Already a member? Please login below for an enhanced experience. Not a member? Join today

IFR Fix: Hold the altitude, forget the autopilotIFR Fix: Hold the altitude, forget the autopilot

You were expecting to shoot an RNAV approach in challenging 800-and-2 weather at night. What you got instead, after a flight fraught with glitches and deviations from air traffic control instructions, was weather easy enough to handle with a visual approach.

But is that a good idea?

I like to ask instrument trainees or proficiency-seekers to imagine some scenarios in which it might be wiser to fly a published procedure than to call it good and simply go visual.

There’s the added safety of procedural certainty, for one thing, especially if the arrival is taking you to an unfamiliar airport after a long and fatiguing flight.

For a night arrival, flying the IAP is insurance against tangling with hidden obstacles—power lines, for example—on final in the dark.

Also, flying the approach—or for those so equipped, hand-flying it—is just good practice that counts toward maintaining recency of experience, if needed.

For all those reasons, the pilot of a PC–12 single-engine turboprop made the decision to fly a published RNAV approach to bring to an uneventful conclusion a flight during which some of the previous decision making perhaps didn’t measure up to such a high standard.

During the flight’s cruise phase, the PC–12 had suddenly pitched aggressively down, and the autopilot disengaged.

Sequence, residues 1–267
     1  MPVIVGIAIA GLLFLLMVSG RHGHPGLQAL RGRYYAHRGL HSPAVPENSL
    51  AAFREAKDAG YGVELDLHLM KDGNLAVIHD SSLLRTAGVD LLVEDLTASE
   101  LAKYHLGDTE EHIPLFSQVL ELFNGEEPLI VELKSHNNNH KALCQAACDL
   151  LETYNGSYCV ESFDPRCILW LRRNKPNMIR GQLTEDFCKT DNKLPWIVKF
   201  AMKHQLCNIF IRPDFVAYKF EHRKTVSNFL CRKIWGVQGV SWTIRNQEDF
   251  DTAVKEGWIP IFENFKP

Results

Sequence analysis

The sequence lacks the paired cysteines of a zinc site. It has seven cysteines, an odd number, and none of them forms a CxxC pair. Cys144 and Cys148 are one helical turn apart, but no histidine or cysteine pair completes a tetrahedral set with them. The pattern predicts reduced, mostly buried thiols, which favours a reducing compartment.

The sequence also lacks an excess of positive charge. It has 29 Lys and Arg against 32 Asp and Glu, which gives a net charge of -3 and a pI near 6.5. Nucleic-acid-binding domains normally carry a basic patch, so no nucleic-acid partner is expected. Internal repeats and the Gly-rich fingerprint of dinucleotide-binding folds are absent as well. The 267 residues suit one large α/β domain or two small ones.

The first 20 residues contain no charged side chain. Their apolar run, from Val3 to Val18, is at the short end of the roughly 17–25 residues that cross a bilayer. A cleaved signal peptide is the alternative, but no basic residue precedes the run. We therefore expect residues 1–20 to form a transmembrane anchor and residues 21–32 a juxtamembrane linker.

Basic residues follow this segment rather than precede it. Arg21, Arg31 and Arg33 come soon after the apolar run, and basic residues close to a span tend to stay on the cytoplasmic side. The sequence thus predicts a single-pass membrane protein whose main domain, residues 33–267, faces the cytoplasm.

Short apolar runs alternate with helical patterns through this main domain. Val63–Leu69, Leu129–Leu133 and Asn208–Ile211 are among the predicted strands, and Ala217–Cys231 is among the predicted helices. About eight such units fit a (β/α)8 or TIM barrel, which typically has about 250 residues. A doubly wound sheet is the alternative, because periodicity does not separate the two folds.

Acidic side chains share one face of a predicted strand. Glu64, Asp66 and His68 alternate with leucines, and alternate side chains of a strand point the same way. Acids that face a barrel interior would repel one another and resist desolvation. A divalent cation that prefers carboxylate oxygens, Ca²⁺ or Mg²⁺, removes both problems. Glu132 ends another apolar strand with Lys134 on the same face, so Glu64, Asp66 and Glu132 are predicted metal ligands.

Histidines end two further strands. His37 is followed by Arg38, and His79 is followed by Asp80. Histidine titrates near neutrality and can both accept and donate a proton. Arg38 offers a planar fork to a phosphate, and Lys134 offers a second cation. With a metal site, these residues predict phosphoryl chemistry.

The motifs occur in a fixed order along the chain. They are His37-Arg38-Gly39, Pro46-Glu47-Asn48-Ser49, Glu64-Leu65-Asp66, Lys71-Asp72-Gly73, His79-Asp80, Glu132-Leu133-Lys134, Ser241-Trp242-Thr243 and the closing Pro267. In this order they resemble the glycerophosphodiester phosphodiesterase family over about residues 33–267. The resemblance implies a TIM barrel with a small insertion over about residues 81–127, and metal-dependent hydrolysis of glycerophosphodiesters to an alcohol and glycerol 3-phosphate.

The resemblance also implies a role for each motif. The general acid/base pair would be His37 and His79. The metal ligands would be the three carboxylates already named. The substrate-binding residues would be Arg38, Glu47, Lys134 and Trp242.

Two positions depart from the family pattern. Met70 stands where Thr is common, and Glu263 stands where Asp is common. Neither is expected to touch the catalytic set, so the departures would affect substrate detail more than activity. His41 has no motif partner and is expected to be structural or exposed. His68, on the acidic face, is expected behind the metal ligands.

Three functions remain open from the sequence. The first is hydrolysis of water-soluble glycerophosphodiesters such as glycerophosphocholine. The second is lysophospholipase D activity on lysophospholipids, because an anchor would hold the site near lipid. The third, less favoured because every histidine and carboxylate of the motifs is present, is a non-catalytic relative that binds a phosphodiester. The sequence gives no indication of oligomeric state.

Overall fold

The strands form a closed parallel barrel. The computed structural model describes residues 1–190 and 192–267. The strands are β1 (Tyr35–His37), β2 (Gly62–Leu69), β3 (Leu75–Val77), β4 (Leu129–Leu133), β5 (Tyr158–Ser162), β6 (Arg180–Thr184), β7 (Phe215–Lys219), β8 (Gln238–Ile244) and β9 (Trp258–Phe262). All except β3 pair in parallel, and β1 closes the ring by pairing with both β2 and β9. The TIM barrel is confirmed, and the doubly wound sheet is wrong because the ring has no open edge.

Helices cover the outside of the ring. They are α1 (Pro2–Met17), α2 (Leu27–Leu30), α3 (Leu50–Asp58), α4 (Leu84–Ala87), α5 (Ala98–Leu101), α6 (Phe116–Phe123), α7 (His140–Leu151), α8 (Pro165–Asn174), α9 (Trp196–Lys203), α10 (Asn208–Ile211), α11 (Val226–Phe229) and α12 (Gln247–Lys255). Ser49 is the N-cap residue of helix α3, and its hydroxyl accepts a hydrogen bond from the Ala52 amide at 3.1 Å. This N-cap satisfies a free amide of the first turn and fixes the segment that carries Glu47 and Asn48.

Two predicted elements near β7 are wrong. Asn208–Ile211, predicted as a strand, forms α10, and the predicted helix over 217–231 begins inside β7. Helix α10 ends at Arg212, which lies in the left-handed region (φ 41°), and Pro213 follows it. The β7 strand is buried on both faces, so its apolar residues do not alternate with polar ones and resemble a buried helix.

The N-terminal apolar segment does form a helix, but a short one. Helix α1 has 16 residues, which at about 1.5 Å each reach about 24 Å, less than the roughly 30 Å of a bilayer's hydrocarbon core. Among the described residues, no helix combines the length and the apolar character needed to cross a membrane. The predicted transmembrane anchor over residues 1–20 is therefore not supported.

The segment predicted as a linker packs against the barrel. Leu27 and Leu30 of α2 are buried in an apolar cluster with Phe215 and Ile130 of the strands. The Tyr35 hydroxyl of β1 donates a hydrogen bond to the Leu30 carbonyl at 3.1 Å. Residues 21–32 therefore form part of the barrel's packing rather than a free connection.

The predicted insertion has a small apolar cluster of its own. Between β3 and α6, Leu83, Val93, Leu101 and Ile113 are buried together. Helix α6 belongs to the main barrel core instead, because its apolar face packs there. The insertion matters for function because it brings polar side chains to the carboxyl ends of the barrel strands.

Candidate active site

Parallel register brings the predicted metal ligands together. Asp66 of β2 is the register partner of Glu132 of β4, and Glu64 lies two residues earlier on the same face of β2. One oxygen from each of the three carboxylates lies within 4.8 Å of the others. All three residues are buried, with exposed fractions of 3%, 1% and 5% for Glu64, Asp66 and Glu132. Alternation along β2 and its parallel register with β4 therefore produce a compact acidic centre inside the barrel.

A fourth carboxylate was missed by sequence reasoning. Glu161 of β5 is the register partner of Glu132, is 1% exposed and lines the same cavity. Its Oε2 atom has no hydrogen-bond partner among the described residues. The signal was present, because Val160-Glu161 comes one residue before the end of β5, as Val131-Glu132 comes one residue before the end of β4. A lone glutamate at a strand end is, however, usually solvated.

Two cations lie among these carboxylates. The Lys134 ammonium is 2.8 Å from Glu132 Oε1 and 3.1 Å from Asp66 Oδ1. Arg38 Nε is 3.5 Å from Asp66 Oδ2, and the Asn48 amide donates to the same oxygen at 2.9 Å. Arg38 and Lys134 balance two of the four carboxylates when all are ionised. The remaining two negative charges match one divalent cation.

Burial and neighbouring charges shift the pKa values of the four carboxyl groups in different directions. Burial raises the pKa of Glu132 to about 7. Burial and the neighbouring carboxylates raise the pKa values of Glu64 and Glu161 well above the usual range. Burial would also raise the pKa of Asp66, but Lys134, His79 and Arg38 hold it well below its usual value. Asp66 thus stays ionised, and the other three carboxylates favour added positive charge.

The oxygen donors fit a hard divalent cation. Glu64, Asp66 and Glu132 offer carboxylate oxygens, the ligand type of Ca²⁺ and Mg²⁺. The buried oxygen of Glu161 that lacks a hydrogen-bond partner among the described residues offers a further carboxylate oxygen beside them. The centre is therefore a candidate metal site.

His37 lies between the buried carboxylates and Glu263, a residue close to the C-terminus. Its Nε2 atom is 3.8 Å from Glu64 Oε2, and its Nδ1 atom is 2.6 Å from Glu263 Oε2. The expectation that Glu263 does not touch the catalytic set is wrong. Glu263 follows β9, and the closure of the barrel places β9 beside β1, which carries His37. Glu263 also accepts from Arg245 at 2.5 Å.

“I immediately grabbed [the] yoke and pitched up and tried to (assess) the situation. During this time the plane climbed about 1000 feet to FL240,” the pilot recounted in a report to the Aviation Safety Reporting System.

There was another pilot aboard, and the two began to work the problem, engaging the autopilot twice more.

“This did not work as it resulted in an even worse altitude excursion and ATC informed us that the traffic space was tight and we needed to hold that altitude and forget diagnosing autopilot.”

Pressuring their decision making was the expectation of “800 feet with snow and 2-4 miles visibility,” at the destination, even though the weather had been improving en route.

Looking back on the flight, the pilot’s evaluation noted other strategies for handling the problem, including making only one attempt to troubleshoot the autopilot, or asking ATC for a cruise clearance—that is, a block of altitude—in which to conduct a more detailed investigation.

Bottom line: “Decided to do approach for safety factor after stress of incident, long day and night conditions plus additional practice [hand flying the] approach.”

Dan Namowitz

Dan Namowitz

Associate Editor Web
Associate Editor Web Dan Namowitz has been writing for AOPA in a variety of capacities since 1991. He has been a flight instructor since 1990 and is a 30-year AOPA member.
Topics: IFR, Weather

Related Articles